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Journal > Need an indoor trainer? Read this first

Need an indoor trainer? Read this first

April 20th, 2020 - Colin O'Brien

Indoor training has come a long way in the last few years. Back in the day, using home trainers just felt wrong, because the equipment was clunky, loud, and worst of all, monotonous. And the ride itself was static and uninteresting – the exact opposite of what getting on your bike should be. Putting in the hours over winter would certainly yield results come spring, but unless you were racing it never really felt worth it. But no more. 

Interactive trainers and software like Zwift have revolutionized how we exercise inside. It now feels how it should feel – like a bike ride. And they’re better training tools than ever before, too. It’s now easy to work with your personal trainer remotely, or even create your own detailed fitness plan. And in recent months they’ve become a lifeline for countless riders around the world who cooped up inside due to the Covid-19 pandemic.

Do you need a home trainer?

If you want to train hard, think of a home trainer as your own private gym with a built-in personal trainer. And if you want to connect with friends, think of it as social media that doesn’t involve sitting on a couch mindlessly swiping. They’ve become more than just a fitness tool, they’re now entertaining. The question is no longer, “do I really need a trainer?” Now, the only thing we’re asking ourselves is: “Which one should I buy?”

There’s no shortage of choice, with machines to suit all budgets and types of rider, from the occasional user just looking for a smarter way to workout to the tech-savvy bike junkie who wants (needs) all the bells and whistles

But what’s right for you? A lot of them look very similar, if not almost identical. Our friends over at Elite offer a wide range and figuring out which one is for you can feel like it’s going to require a daunting amount of research. Do you want rollers or a home trainer? Wheel-on or direct drive? And what’s the difference between smart and interactive? Thankfully, they’ve compiled a bunch of resources to help you choose the perfect model for your needs. 



Do you need direct drive? 

Direct drive trainers mean the rear wheel is removed and the chain is coupled directly to a cassette on the machine. Compared to a traditional home trainer that presses your real wheel onto a little Elastogel roller, direct drive trainers are a lot quieter and they don’t suffer from slippages on high-power efforts, while also providing more accurate data. A bigger flywheel means that a direct drive machine provides a more realistic road feel, too.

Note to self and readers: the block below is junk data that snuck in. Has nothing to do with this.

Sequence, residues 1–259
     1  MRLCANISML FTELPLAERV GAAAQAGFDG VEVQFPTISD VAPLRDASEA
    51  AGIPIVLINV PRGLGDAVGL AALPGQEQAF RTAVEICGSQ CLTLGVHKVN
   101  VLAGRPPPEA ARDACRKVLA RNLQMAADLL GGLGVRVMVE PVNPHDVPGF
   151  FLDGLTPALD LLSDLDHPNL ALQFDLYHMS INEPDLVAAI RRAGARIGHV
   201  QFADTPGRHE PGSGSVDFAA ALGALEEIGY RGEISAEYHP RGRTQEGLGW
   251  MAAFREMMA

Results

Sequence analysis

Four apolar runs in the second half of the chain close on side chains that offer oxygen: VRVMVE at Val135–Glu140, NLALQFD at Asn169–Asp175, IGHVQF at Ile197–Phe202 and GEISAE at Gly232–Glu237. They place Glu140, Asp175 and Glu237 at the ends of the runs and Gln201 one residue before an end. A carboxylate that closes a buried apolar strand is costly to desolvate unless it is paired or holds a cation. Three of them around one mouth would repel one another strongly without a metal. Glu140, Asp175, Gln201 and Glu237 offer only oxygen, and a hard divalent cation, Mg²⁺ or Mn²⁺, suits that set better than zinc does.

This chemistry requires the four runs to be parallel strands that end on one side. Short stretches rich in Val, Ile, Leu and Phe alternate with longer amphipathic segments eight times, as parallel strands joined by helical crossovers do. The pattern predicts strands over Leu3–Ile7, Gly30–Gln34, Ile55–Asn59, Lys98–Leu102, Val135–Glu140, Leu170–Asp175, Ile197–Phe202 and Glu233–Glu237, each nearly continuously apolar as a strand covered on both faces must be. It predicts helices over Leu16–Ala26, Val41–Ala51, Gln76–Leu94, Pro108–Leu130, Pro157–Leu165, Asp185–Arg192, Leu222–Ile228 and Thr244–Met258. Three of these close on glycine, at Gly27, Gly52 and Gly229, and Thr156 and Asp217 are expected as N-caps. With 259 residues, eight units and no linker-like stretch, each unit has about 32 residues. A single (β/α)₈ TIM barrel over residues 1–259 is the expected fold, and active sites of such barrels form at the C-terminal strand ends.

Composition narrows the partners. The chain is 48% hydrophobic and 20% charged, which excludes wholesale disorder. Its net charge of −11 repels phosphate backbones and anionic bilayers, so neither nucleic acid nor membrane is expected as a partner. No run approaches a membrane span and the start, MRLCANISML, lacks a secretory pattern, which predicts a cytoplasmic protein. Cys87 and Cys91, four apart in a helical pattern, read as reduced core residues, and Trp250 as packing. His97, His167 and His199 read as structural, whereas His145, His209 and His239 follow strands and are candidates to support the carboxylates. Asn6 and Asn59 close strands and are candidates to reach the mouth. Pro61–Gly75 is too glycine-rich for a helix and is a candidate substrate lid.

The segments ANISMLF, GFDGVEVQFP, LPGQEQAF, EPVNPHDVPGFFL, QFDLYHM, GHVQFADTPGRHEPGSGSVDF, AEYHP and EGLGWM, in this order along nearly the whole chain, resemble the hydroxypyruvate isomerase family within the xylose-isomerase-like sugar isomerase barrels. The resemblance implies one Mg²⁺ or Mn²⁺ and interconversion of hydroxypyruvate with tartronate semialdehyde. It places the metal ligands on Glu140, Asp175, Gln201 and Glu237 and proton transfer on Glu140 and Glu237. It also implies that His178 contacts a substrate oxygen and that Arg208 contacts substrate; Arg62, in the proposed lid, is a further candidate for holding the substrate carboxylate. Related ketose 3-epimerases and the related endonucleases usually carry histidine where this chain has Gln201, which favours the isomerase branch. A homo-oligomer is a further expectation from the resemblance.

What do you want to achieve with your workout?

It might seem like an obvious question, but we all have different fitness goals. Elite’s range of interactive trainers are all direct-drive, delivering great “road feel” for a realistic experience. They also record really accurate power data and can simulate really steep gradients. Thanks to electronically managed resistance that wirelessly connects to your device, the resistance change is both quick and realistic, whether you’re training using a GPS file from a favorite loop, or on one of Zwift’s courses.

If you’re just looking to get some exercise and spend a couple hours each week on your bike – hopefully on one of the inGamba Zwift rides – then an interactive trainer like the Elite Suito fits the bill. Retailing at $799, it’s cheaper than the Direto X (MSRP $899) or Drivo II  (MSRP $1,199) but it’s also more compact, folding away really neatly if you’re short on space, and comes with an 11-speed cassette pre-installed, so you can pretty much pull it out of the box and get riding. 

For those after supreme power data accuracy, the Direto X wins out thanks to its OTS (Optical Torque Sensor). The Direto X and Drivo II are actually the only two trainers currently on the market with a proper power meterinside, resulting in highly accurate workouts (within a 1.5% margin on the Direto X and 0.5% on the Drivo II, vs. 2.5% on the Suito). It can also handle higher gradient simulation (18% against 14%) and slightly higher max power (2100w vs. 1900w). For the average rider, that isn’t going to matter, but if only the best will do, it’s worth spending the extra cash. You’ll have it for years and it’s a lot cheaper than a gym membership.

If you’re looking for something a bit different, rollers are great if you want to improve your balance and pedal speed – which is why track riders love them. They’re also light and foldable, so they have a very small footprint if space is right. And if you race, they’re easy to bring with you for warm-up before events. Elite’s Nero rollers (MSRP $899) got a great review on GCN recently, which is worth checking out. 



Get involved! 

A lot of us are stuck indoors right now, and those lucky enough to be able to go outside for some exercise can’t enjoy the simple pleasure of a spin with friends. You can still ride your bike with other people though – you just have to do it in the digital world. Thanks to apps like Zwift, it’s still possible socialize while also getting a great workout at home. We’re currently organizing three fun group rides a week, with a relaxed pace and a focus on socializing. Check out this link for more. And if you want to ride around on our own but do it in style, you can use the code ‘goingamba’ in the game to get our custom inGamba jersey.

Colin O'Brien

Connect:
colin@ingamba.pro

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